Thursday, June 22, 2017

Review of Out of Bounds by Val McDermid (Little, Brown; 2016)

DCI Karen Pirie is still coming to terms with the untimely death of her partner, Phil. Unable to sleep she walks the streets at night and throws herself into her work as head of the Historic Cases Unit during the day. Her latest investigation is a familial DNA match from a joyrider with the perpetrator of a rape and murder twenty years previously. It should be an open and shut case, but there’s a tricky complication. At the same time, Pirie takes an interest in a contemporary case, one she has no right to get involved in: the apparent suicide of a disturbed man. Pirie thinks it’s murder and piquing her interest further is the unsolved murder of the man’s mother twenty five years earlier, a victim of a bomb on a small, private plane. She starts to investigate both, putting herself on a potential collision course with her a colleague, her boss, and an influential third party. Not that this fazes Pirie; all she is interested in is justice and she doesn’t mind ruffling feathers and undermining her own position to get it.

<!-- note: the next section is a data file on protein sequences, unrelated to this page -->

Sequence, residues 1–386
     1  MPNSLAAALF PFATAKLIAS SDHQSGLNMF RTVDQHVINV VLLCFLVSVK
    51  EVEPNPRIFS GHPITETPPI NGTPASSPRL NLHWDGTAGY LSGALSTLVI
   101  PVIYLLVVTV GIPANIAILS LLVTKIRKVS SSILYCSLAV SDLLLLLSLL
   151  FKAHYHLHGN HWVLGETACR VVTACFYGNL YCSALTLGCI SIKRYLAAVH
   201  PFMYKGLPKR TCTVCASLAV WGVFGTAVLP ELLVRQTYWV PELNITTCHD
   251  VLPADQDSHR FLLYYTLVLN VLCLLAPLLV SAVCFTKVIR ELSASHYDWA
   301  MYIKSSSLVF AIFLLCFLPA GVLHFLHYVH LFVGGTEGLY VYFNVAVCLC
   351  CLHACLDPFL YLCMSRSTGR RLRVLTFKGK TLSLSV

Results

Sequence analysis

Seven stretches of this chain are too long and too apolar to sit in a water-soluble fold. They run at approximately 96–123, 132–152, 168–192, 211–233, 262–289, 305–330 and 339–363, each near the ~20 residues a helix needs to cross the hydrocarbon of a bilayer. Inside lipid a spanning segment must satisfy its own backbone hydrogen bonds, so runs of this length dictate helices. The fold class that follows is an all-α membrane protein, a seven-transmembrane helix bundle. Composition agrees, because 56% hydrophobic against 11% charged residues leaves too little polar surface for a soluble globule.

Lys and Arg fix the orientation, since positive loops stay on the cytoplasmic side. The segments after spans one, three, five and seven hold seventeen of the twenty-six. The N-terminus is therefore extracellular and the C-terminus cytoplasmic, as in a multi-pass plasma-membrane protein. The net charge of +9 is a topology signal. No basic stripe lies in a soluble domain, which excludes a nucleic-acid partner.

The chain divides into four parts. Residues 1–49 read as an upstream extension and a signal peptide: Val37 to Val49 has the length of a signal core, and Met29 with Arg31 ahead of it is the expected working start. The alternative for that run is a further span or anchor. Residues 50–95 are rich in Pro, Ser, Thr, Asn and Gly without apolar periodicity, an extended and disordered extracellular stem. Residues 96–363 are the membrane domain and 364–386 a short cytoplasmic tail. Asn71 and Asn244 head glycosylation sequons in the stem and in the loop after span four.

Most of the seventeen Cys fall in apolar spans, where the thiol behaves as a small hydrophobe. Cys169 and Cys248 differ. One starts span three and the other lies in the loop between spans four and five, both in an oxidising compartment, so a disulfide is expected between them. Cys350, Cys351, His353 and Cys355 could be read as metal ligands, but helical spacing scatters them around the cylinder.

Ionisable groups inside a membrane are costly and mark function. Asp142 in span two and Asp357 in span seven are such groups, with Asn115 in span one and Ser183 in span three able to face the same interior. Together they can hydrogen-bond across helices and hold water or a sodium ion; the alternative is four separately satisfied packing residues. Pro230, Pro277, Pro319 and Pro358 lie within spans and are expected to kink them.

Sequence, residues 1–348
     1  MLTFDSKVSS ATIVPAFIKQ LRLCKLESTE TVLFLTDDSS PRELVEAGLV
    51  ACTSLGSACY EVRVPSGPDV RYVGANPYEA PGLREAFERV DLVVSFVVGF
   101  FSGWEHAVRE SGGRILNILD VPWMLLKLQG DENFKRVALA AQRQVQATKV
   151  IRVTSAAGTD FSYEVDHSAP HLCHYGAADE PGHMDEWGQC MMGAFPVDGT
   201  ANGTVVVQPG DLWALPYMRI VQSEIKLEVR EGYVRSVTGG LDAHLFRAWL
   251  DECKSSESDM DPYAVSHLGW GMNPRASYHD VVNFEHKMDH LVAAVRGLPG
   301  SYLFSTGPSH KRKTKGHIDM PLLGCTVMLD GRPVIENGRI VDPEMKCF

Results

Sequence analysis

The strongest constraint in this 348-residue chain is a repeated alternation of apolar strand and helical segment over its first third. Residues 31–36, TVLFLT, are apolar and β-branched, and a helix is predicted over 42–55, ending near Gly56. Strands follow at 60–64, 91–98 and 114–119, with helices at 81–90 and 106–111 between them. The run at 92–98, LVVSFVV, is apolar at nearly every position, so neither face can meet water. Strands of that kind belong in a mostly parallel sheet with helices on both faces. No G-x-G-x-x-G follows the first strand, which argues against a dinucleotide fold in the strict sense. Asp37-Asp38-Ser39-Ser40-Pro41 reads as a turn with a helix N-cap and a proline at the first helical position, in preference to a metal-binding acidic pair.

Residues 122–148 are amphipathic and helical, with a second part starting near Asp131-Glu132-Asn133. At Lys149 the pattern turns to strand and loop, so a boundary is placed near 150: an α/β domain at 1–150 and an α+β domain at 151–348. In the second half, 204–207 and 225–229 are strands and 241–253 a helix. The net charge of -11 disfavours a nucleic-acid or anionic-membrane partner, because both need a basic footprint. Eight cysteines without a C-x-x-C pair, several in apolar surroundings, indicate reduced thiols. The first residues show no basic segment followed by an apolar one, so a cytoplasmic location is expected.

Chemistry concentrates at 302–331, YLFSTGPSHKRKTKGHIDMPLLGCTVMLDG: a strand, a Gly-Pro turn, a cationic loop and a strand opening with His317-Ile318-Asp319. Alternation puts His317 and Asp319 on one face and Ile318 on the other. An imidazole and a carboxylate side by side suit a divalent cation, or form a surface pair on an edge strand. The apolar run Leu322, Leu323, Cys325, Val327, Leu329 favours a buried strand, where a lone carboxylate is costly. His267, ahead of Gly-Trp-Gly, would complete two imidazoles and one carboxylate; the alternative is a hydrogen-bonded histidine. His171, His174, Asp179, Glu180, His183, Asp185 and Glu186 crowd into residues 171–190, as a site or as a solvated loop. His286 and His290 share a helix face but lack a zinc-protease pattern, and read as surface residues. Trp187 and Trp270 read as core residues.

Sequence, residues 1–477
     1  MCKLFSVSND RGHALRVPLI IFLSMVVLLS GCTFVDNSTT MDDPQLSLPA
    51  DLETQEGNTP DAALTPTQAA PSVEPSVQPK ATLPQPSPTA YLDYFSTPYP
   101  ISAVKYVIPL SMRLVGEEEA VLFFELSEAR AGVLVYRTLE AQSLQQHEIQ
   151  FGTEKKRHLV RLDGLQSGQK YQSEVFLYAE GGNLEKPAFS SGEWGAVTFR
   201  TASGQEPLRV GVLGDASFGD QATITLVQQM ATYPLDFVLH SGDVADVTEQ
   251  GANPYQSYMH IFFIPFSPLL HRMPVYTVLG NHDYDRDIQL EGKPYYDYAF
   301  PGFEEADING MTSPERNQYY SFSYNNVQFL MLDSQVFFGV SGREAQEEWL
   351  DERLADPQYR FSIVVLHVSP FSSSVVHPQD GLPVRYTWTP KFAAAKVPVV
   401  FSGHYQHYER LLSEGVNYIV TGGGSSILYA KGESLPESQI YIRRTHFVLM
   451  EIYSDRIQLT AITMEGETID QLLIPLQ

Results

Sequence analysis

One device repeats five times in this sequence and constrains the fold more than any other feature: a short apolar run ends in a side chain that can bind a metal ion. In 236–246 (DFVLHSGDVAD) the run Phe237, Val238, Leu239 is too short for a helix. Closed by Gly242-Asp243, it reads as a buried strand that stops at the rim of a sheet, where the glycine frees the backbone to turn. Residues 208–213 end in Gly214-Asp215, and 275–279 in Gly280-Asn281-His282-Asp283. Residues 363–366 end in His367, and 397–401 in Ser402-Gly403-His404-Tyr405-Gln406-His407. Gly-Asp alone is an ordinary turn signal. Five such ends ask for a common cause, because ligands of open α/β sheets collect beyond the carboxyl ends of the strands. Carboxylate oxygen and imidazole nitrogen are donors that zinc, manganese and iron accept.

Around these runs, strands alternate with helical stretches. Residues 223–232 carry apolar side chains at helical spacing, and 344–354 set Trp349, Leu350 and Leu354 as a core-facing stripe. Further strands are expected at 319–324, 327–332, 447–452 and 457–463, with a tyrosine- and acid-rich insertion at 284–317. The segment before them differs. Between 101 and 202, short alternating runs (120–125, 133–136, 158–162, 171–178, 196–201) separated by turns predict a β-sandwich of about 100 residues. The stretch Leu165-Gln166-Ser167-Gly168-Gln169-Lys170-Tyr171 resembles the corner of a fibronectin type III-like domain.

Out of Bounds is the fourth book in the Inspector Karen Pirie cold case series set in Scotland, though I read it as a standalone. In this outing Pirie is investigating three cases, two of them interlinked, and also trying to help some Syrian refugees find their feet in their new home in Edinburgh. None of the cases are straightforward, complicated by messy family relations, and they all have the potential to get Pirie in trouble with her boss and the press. And she only has the jurisdiction to examine one of them. McDermid does a nice job of winding the cases and the refugee thread around each other and keeping the pacing taut and steady. There are a handful of plot devices that felt a little contrived and murderer in one of the cases was well telegraphed despite a couple of attempts at misdirection. But none of that really mattered as the key to the story is Karen Pirie, an indomitable, engaging, driven and wounded spirit who is willing to cut corners and rub people up the wrong way if it gets her a result, and McDermid’s engaging voice. The result is an interesting and entertaining police procedural.

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